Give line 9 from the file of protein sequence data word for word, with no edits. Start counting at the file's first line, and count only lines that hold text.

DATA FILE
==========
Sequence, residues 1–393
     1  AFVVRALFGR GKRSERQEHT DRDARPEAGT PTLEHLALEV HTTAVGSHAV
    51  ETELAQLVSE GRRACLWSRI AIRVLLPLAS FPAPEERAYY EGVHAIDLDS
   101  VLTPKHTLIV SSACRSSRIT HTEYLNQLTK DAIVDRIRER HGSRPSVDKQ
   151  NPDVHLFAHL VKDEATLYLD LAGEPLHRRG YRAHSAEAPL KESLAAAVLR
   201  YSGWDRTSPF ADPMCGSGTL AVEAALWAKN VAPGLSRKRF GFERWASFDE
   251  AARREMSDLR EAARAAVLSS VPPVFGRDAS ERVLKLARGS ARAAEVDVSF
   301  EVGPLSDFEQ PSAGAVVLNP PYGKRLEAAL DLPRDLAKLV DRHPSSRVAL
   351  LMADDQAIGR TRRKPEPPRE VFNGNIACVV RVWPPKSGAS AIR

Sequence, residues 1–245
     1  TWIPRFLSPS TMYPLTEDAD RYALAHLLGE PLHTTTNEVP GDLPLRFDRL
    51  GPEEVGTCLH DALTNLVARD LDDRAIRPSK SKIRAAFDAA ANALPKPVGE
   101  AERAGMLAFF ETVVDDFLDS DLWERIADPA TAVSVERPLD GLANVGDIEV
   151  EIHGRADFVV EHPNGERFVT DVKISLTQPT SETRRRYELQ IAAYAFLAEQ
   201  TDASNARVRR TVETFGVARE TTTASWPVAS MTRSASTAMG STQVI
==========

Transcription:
   351  LMADDQAIGR TRRKPEPPRE VFNGNIACVV RVWPPKSGAS AIR